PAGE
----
JEL: D91 G11 G23
    Date: 2021–04
  16. By: Ani Asoyan (Monetary Policy Department, Central Bank of Armenia); Vahagn Davtyan (Monetary Policy Department, Central Bank of Armenia); Haykaz Igityan (Monetary Policy Department, Central Bank of Armenia); Hasmik Kartashyan (Monetary Policy Department, Central Bank of Armenia); Hovhannes Manukyan (Monetary Policy Department, Central Bank of Armenia)
    Abstract: This paper extends the closed economy DSGE model in order to evaluate the impact of the coronavirus on the economy. Our model makes it clear that people's decisions to reduce consumption and working hours due to the health crisis lead to an economic recession. As a result, the spread of the virus declines. Expansionary monetary policy decreases the size of GDP decline, but it is costly in terms of public health. This result shows that there is a trade-off between the output loss caused by the pandemic and the health consequences of the pandemic.
    Keywords: DSGE, health, epidemic, COVID-19
    JEL: E12 E52 I10
    Date: 2020–12
  17. By: Tryphon Kollintzas (Athens University of Economics and Business and CEPR); Dimitris Papageorgiou (Bank of Greece); Vanghelis Vassilatos (Athens University of Economics and Business, Econometrics Laboratory, IMOP)
    Abstract: In this paper, we develop a two sector DSGE model with market and political power interactions. These interactions are motivated by the politico-economic systems of several South European countries, over the last half century. In these countries the state permits the existence of industries, typically related to the extended public sector, where firms and workers employed therein have market power (insiders), unlike other firms and workers in the economy (outsiders), as insiders, that dominate the major political parties, cooperate to influence government decisions, including those that pertain to the very existence of such a politico-economic system. Consistently with stylized facts of growth and the business cycle of these countries, the model predicts: (i) large negative deviations of per capita GDP from what these countries would have been capable of, if their politico-economic system was not characterized by the above mentioned frictions; and (ii) deeper and longer recessions in response to negative shocks, as their politico-economic system reacts so as to amplify these shocks.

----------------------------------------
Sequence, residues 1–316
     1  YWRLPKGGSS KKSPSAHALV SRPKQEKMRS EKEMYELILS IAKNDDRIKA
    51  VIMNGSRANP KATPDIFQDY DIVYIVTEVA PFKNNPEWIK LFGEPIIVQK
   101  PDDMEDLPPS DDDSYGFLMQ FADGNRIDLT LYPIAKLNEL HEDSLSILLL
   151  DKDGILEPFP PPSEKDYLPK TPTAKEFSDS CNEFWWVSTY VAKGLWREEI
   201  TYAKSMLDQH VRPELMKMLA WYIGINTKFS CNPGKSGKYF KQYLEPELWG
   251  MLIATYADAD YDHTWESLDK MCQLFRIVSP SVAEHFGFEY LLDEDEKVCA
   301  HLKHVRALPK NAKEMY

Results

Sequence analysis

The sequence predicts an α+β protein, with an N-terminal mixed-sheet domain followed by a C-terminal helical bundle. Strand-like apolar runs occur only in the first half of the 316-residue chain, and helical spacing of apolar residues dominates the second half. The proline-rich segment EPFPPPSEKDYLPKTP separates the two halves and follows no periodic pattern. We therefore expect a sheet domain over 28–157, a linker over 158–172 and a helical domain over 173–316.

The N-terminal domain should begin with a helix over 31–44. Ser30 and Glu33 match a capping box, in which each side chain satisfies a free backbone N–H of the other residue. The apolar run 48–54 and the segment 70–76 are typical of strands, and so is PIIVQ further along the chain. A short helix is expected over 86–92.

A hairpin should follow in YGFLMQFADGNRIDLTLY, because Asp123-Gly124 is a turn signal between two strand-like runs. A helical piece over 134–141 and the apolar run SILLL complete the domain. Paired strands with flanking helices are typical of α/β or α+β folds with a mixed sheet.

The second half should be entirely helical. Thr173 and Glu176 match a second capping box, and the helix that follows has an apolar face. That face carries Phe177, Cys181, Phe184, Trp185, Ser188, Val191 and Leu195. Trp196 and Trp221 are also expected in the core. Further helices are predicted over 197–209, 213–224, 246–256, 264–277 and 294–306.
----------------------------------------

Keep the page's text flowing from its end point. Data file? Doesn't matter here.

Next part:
Keywords: Growth; Business Cycles; Southern European Economies; Insiders-Outsiders; Politico-economic Equilibrium; Amplification Effect
    JEL: E20 E32 H42 J51 P16
    Date: 2021–03
  18. By: Naijia Guo (Chinese University of Hong Kong); Charles Ka Yui Leung (City University of Hong Kong)
    Abstract: Elite college attendance significantly impacts students' entrepreneurship decisions and career dynamics. We find that an elite college degree is positively correlated with entrepreneurship (i.e., owning an incorporated business) but not with other self-employment forms. Our overlapping generations model captures self-selection in education and career choices based on heterogeneous ability and family wealth endowments over the life-cycle. Our estimates show that (1) entrepreneurs and other self-employed individuals require different types of human capital, and (2) elite colleges generate considerably more human capital gain than ordinary colleges, particularly for entrepreneurs. Distinguishing between elite and ordinary colleges improves our prediction of entrepreneurship decisions. Providing subsidies for elite colleges is more efficient than subsidizing their ordinary counterparts to encourage entrepreneurship, enhance intergenerational mobility, and enhance welfare. In contrast, although start-up subsidy increases entrepreneurship, it does not improve their performance, and it is inferior to education subsidy in generating efficiency, equality, and intergenerational mobility.
    Keywords: entrepreneurship, elite college, intergenerational transfer
    JEL: D15 I20 J24
    Date: 2021–03–10
  19. By: Susanto Basu (Boston College); Giacomo Candian (HEC Montréal); Ryan Chahrour (Boston College); Rosen Valchev (Boston College)
    Abstract: We identify a shock that explains the bulk of fluctuations in equity risk premia, and show that the shock also explains a large fraction of the business-cycle comovements of output, consumption, employment, and investment. Recessions induced by the shock are associated with reallocation away from full-time permanent positions, towards part-time and flexible contract workers. A real model with labor market frictions and fluctuations in risk appetite can explain all of these facts, both qualitatively and quantitatively. The size of risk-driven fluctuations depends on the relationship between the riskiness and productivity of different stores of value: if safe savings vehicles have relatively low marginal products, then a flight to safety will drive a larger aggregate contraction.